This type layer is a dependent type theory with some notion of identity type, dependent product type, dependent sum type, and higher inductive types, as well as judgmental equality to reflect the identity type of the shape layer, and shape contexts in addition to the usual type contexts. The beta conversion and eta conversion rules for the types may either be typal or judgmental.

We also state the rules in such a way that the following substitution rule is admissible:

Ξs:IΞ,x:I|Γa:AΞ|Γ(s)a(s):A(s)\frac{\Xi \vdash s:I \quad \Xi, x:I \vert \Gamma \vdash a:A}{\Xi \vert \Gamma(s) \vdash a(s):A(s)}

We also have a rule which states that the identity type in the shape layer behaves like judgmental equality in the type layer

ΞIshapeΞs:IΞt:IΞp:s= ItΞ,x:I|Γa:AΞ|Γ(s)a(s)a(t)\frac{\Xi \vdash I \; \mathrm{shape} \quad \Xi \vdash s:I \quad \Xi \vdash t:I \quad \Xi \vdash p:s =_I t \quad \Xi, x:I \vert \Gamma \vdash a:A}{\Xi \vert \Gamma(s) \vdash a(s) \equiv a(t)}

Finally, we have rules which states that the type theory in the type layer respects the type theory in the shape layer. This means that we have additional elimination, computation, and uniqueness rules for all the positive types in the shape layer:

Elimination rules for the empty shape

Ξ𝟘shapeΞ,x:𝟘|ΓC(x)typeΞ,x:𝟘|Γind 𝟘 C(x):C(x)\frac{\Xi \vdash \mathbb{0} \; \mathrm{shape} \quad \Xi, x:\mathbb{0} \vert \Gamma \vdash C(x) \; \mathrm{type}}{\Xi, x:\mathbb{0} \vert \Gamma \vdash \mathrm{ind}_\mathbb{0}^C(x):C(x)}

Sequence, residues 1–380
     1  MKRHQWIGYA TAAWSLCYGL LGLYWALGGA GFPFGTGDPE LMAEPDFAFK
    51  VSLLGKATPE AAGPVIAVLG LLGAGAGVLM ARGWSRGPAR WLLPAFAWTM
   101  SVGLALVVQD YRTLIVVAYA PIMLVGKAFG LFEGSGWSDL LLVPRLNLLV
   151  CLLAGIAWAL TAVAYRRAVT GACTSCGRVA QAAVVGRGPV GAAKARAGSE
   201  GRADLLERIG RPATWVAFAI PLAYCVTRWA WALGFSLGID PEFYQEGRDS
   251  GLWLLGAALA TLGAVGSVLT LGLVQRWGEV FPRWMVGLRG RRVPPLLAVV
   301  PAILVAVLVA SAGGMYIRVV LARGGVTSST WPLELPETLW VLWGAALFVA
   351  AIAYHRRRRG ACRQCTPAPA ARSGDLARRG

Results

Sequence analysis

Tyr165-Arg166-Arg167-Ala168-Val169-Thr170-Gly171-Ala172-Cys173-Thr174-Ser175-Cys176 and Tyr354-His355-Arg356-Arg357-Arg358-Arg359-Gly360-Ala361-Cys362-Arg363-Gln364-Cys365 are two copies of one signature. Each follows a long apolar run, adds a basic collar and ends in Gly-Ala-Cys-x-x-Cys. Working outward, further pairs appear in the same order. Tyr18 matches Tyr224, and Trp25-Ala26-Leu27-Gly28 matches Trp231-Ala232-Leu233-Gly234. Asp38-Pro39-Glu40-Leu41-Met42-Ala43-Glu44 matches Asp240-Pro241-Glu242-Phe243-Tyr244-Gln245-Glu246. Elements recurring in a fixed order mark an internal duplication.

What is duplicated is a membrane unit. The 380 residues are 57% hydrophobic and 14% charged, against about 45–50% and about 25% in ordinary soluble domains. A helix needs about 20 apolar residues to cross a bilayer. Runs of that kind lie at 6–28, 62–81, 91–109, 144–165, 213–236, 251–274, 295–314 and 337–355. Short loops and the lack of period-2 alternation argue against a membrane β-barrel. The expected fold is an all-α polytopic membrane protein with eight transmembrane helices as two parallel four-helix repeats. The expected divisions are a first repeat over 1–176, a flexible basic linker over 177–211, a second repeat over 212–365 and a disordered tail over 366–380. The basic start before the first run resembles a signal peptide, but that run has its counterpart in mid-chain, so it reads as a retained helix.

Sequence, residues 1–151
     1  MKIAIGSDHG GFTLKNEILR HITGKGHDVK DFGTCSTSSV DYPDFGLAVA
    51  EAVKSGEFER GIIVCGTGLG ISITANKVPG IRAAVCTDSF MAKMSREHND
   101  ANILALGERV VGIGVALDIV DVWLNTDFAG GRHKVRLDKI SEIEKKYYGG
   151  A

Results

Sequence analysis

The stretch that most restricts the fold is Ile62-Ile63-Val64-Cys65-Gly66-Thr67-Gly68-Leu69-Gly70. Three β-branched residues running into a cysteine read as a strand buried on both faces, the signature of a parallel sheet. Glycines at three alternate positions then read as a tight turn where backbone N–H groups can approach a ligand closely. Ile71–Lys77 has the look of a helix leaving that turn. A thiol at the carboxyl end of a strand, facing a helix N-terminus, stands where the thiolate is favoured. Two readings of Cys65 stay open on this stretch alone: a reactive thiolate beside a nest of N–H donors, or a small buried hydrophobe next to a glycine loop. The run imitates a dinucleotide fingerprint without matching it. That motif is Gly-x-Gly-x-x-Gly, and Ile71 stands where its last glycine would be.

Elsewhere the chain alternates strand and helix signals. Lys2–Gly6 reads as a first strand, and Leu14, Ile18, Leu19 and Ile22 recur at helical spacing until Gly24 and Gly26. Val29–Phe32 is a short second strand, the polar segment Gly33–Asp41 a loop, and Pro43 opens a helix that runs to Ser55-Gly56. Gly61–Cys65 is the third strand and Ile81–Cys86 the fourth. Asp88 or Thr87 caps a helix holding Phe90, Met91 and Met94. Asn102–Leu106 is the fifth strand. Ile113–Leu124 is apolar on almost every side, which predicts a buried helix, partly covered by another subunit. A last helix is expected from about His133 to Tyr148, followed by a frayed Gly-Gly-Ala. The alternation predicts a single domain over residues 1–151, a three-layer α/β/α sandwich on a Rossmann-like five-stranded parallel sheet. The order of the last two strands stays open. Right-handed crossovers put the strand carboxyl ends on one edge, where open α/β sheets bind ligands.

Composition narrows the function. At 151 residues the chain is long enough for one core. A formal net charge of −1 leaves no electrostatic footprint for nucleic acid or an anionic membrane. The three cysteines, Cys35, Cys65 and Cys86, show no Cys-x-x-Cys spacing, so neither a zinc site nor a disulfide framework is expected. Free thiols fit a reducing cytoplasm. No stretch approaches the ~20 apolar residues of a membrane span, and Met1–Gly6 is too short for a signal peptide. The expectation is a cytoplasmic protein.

Uniqueness rules for the empty shape

Ξ𝟘shapeΞ,x:𝟘|ΓC(x)typeΞ,x:𝟘|Γc(x):C(x)Ξ,x:𝟘|Γc(x)ind 𝟘 C(x):C(x)\frac{\Xi \vdash \mathbb{0} \; \mathrm{shape} \quad \Xi, x:\mathbb{0} \vert \Gamma \vdash C(x) \; \mathrm{type} \quad \quad \Xi, x:\mathbb{0} \vert \Gamma \vdash c(x):C(x)}{\Xi, x:\mathbb{0} \vert \Gamma \vdash c(x) \equiv \mathrm{ind}_\mathbb{0}^C(x):C(x)}

Cofibrations and extension types

A cofibration is a shape inclusion, which means shapes AA and BB and an embedding of shapes i:ABi:A \hookrightarrow B.

Formation rules for dependent extension types

ΞAshapeΞBshapeΞi:AB ΞΓctxΞ,y:B|ΓC(y)typeΞ,x:A|Γc(x):C(x)Ξ|Γ y:BC(y)| c Atype\frac{ \begin{array}{l} \Xi \vdash A \; \mathrm{shape} \quad \Xi \vdash B \; \mathrm{shape} \quad \Xi \vdash i:A \hookrightarrow B \\ \Xi \vdash \Gamma \; \mathrm{ctx} \quad \Xi, y:B \vert \Gamma \vdash C(y) \; \mathrm{type} \quad \Xi, x:A \vert \Gamma \vdash c(x):C(x) \end{array} }{\Xi \vert \Gamma \vdash \langle \prod_{y:B} C(y) \vert_c^A \rangle \; \mathrm{type}}